Toronto/Cincy: A series of unfortunate events.
This is not a fair game.
For all my dislike of Ana Ivanovic and the trend of mental infantility on the WTA she represents, no one wants to see a pretty girl crying on a tennis court because Lady Luck, the Tennis Gods or her own body (depending on your tennis religion) wouldn’t let her play. Nobody deserves to have the story of their career turned into a Lemony Snicket book.
Ivanovic barely made it through 3 games in the open set before calling a trainer on her left food and retiring after returning on court and being aced by Clijsters.
“I was very scared. All of a sudden on that one shot, I felt something crack a little bit,” she told reporters.
“Just on that one forehand when I went to step around it, I just felt like pain all of a sudden, so much pain in my foot and I couldn’t step on it anymore.
“I tried a bit of tape, but I could not put any weight on it and there was no point in me continuing.”
Get well soon, Ana.
In the other Cincy semifinal of the day, Maria Sharapova maintained her perfect record in semifinals this year with a win over Nastya Pavs, 64 36 62. Only saw the last set when Federer v Djokovic wrapped up and what I saw was torture – Pavlyuchenkova could barely get a serve in, Sharapova could barely get a return in play. At the end of the day, the lack of a working serve is much more fatal than the lack of a working return game. Just ask Ivo Karlovic.
Maybe it’s just because they’re my “dogs” in the fight. Maybe it’s pure coincidence. Sharapova and Federer have had parallel weeks. Both led today early on, looking untroubled as they closed out the first set and went up an early break in the second. Both failed to maintain their lead, getting drawn into dramatic slugfests all the way into the final set. Both played messy, ugly, yet disgustingly compelling tennis to win, knowing that it significantly diminished their chances the next day.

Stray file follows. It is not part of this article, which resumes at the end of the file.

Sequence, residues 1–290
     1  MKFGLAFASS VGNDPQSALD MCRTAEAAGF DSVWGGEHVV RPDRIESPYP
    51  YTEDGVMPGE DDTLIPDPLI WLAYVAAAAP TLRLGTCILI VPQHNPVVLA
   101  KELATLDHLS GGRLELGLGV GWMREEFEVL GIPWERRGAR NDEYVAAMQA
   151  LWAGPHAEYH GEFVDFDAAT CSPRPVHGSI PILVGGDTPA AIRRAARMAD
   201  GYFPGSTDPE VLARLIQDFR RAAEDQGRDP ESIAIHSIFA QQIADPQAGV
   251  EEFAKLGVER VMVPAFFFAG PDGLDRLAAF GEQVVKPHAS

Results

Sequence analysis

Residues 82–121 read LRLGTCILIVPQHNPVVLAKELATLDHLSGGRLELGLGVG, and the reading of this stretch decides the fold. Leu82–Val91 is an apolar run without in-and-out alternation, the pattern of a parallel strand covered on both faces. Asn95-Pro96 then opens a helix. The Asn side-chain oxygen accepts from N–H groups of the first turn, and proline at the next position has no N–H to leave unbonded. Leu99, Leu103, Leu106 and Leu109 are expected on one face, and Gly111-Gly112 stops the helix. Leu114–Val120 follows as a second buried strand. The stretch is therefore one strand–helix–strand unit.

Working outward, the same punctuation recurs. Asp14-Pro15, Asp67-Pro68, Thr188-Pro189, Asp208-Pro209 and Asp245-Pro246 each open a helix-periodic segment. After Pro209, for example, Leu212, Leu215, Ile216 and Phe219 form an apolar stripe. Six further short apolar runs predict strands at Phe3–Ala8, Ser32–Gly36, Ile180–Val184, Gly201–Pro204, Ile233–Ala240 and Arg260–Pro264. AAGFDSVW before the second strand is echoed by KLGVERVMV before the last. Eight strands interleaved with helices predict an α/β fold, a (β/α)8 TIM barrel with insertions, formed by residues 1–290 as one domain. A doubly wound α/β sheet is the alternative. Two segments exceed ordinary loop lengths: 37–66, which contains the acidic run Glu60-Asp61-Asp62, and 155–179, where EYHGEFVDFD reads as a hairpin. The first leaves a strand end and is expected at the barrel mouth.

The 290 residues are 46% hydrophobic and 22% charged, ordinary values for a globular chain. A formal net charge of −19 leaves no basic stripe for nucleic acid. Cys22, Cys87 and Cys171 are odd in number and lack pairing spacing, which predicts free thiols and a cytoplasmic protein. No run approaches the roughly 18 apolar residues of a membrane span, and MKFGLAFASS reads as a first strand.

Stats to cry over:
Federbear deserved a round of spanking for failing to keep the momentum going in the second set, despite having chances to go up a double break. Of course, credit goes to Novak too, for making this match anything other than a flat, underwhelming beat-down.
For a few games in the second set when he loosened up and began to swing for the fences, he reminded me of the player he used to be. The guy I once liked back in early 2007, before personality and off court dramas got in the way, before ‘dropshits’ and squash shots and mangled serves turned him into some form of clay-hard court hybrid, strong defensively, consistently mediocre, with momentary flashes of his early promises.
Golly, do I sound nostalgic or what?
It’s just as well then that Federer was playing Djokovic, the only guy in the top 5 capable of out-imploding Furd. Djoko had his chances to take the match at 5-5, Roger Federer held on by the skin of his teeth while a few continents away, inside Dootsie’s house, Federbear dangled precariously above a cup of steaming hot water. Even Monkey breathed a sigh of relief when it was all over.
At the end of the day: happy, relieved, exhilarated to see him through. No expectations for tomorrow: the only word to describe Murray’s performance over Nadal would be stunning. I got what I wanted from Roger this week. Federbear clemency looking like a probability.